Since January 2011 the Egyptian media has been subject to accelerated and troubled shifts. The space here would not be enough to fully outline the situation of the media during the years of the revolution. However, we can summarise the six main shifts as follows:
1. The state under the Supreme Council of the Armed Forces (SCAF) established the freedom to publish newspapers and launch satellite channels without any vision or planning and based on old laws and legislative frameworks that could not accommodate the needs of the post-revolution moment with the increase in numbers of newspapers and channels.
In addition, there is the widespread use of social media and new forms of media. This situation led to a setback in levels of professionalism and a noticeable increase in politicisation, where media were used as tools for political conflict and to divide influence between the state and businessmen and among businessmen themselves. Those businessmen poured enormous sums into financing newspapers and satellite channels that were losing enterprises but necessary as tools for defending their interests against changing political authorities, starting with SCAF and then the Muslim Brotherhood, the transitional president and finally President El-Sisi.
2. The decline of state TV to the benefit of private satellite channels, which have become the most widespread and most watched among Egyptians. Consequently, those channels seized the lion's share in advertisements. This situation, however, bore its consequences where private channels have become the preserve of advertising agencies, which interfere in administration, editorial policy, and choice of form and content. Moreover, many private channels have fallen into the trap of unprofessional familial administration, leading to decreasing performance.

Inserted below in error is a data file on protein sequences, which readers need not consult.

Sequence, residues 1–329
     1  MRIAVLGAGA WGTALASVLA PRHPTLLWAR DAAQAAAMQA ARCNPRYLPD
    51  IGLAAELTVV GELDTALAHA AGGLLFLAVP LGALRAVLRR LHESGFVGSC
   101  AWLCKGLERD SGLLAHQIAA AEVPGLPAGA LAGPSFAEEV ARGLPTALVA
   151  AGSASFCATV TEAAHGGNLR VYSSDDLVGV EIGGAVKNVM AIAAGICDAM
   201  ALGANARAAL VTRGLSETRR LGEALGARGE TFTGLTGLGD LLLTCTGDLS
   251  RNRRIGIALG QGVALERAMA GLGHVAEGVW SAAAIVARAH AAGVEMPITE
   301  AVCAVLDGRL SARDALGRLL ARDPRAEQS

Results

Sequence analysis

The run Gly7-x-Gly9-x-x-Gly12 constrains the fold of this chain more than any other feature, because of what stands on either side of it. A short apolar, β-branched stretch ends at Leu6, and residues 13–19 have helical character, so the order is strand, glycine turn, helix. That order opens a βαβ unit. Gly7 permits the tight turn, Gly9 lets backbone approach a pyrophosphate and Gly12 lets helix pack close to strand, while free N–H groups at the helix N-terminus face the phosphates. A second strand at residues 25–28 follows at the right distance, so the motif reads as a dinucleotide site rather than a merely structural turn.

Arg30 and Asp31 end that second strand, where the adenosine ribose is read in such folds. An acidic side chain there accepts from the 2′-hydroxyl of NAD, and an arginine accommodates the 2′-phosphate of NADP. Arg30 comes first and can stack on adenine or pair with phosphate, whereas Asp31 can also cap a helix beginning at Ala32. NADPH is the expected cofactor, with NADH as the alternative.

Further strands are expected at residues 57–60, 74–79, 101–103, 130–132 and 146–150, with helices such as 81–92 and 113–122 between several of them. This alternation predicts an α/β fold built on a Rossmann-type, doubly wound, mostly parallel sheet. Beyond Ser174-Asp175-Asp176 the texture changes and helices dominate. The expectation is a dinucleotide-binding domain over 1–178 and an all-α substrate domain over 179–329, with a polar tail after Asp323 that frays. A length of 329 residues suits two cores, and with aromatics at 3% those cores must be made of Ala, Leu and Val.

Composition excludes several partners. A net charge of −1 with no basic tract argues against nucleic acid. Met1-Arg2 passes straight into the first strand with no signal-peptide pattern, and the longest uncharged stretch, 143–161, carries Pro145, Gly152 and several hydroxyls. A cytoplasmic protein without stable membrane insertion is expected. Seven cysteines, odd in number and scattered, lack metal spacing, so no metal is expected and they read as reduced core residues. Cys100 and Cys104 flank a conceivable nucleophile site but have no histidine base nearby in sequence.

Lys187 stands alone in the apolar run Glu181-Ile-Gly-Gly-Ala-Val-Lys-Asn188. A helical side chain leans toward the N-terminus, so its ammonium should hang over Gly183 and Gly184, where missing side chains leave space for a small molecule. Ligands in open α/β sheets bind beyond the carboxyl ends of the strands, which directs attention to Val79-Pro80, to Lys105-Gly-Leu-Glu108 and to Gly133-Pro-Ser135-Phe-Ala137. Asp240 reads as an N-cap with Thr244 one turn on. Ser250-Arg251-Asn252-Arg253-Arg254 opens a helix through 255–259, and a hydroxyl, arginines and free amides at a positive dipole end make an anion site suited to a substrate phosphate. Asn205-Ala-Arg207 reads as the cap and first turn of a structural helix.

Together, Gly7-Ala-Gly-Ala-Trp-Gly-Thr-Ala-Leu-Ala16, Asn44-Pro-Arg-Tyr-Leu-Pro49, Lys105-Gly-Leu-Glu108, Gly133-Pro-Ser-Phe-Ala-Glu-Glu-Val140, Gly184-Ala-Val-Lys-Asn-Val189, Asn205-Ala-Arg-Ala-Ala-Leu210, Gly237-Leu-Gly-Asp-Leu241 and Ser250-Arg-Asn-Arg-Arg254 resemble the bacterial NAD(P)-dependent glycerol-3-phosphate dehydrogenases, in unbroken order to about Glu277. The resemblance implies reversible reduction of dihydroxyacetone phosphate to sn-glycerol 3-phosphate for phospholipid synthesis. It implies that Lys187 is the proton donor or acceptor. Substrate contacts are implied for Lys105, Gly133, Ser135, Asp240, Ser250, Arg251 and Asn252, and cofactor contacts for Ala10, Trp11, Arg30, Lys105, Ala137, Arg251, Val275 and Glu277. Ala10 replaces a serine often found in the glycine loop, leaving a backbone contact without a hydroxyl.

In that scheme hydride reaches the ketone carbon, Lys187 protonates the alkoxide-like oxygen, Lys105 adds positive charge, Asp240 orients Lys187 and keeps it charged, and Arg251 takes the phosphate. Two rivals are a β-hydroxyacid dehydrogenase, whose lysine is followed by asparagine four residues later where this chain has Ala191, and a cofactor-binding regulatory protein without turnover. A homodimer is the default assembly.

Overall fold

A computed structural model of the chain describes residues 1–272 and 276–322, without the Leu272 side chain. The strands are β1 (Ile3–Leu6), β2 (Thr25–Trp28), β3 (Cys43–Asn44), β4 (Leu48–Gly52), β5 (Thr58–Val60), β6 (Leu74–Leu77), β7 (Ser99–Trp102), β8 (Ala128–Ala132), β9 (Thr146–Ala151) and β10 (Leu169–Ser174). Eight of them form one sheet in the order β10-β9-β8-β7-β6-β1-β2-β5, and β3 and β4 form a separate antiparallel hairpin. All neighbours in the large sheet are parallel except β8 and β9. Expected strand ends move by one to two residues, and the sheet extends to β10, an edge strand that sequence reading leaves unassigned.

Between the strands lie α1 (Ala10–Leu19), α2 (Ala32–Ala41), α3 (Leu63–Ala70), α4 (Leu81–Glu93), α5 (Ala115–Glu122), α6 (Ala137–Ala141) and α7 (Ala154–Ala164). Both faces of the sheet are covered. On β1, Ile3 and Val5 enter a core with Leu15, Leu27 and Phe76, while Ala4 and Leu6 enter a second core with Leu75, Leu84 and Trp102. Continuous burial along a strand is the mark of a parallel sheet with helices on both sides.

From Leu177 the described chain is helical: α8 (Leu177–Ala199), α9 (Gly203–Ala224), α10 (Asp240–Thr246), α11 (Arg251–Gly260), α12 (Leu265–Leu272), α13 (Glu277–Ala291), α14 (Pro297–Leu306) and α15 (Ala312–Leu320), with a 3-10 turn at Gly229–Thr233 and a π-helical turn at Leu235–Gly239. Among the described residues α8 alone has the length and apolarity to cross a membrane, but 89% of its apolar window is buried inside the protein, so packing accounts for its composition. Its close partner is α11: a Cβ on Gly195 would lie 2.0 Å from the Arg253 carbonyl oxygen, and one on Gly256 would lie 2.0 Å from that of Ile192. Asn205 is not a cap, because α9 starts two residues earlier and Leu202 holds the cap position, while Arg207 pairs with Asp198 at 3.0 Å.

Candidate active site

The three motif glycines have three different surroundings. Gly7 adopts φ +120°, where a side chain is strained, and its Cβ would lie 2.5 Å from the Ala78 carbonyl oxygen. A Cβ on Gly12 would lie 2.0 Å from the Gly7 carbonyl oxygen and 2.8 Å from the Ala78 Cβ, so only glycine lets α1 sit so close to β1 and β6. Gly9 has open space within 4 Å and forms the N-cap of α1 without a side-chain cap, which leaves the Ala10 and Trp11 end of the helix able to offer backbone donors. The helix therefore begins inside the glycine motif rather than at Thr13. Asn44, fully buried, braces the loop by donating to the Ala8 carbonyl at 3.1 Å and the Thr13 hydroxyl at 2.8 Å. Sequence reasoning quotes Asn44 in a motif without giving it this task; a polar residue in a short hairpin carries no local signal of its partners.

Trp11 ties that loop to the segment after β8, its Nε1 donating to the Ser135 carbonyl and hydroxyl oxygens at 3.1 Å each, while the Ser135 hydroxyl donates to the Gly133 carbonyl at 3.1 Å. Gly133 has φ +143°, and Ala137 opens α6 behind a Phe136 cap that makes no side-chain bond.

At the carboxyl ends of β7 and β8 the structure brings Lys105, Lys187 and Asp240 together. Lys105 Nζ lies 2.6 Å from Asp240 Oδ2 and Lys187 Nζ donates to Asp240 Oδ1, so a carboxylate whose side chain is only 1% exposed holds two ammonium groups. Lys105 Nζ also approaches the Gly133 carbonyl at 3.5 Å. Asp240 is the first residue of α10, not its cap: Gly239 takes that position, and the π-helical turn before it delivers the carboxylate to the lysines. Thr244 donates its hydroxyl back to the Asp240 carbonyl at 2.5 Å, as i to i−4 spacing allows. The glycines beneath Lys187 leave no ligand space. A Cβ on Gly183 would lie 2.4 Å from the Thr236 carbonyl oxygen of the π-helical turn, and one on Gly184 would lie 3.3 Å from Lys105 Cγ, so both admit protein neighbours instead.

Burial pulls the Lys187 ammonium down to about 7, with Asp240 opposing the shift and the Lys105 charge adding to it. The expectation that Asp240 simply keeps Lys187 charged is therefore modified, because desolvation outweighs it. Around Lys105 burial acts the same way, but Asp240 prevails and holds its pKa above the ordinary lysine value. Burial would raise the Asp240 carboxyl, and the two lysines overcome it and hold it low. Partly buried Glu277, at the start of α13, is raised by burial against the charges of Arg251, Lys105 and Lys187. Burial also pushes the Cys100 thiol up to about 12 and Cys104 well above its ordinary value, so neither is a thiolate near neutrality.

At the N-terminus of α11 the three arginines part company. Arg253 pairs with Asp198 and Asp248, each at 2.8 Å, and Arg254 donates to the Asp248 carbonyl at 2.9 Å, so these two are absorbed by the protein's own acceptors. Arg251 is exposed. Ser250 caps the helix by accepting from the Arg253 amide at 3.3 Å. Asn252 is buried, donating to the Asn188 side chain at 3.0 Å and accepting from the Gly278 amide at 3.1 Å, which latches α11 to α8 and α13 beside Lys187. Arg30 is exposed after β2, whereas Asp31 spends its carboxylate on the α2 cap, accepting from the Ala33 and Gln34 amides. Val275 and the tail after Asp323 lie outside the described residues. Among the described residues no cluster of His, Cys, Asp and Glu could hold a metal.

3. A decrease in financing private channels and newspapers due to the decline in businessmen's needs for such channels and newspapers. This took place when owners grew aware that the president refuses attempts at political and media extortion. Hence, a decrease in personnel and development in most channels and newspapers, with the laying off of hundreds of technicians and media men in a way unbefitting and without fair compensation, especially in the absence of a media syndicate that defends the rights of those working in radio and TV or provide them with unemployment benefits.
4. The decline in political returns for investment in private media and the decline in financing drove private channels to minimise their dosages of politics to the benefit of entertainment shows, cookery and sports programmes, and Indian series. It is an approach that can raise advertisement earnings as well as lessen the probability of a clash with the new regime, which does not care much for politics and partisan debate but focuses on terrorism and mega projects. I believe private media owners perceived this and complied partially. Many channels steered clear of hot political issues and several critical programmes were cancelled. However, the owners of some those channels were not keen to present artistic content or focus on raising the awareness of citizens on how to combat terrorism or on the importance of developmental enterprises. Thus, there is a general sense of discontent with the private media's performance.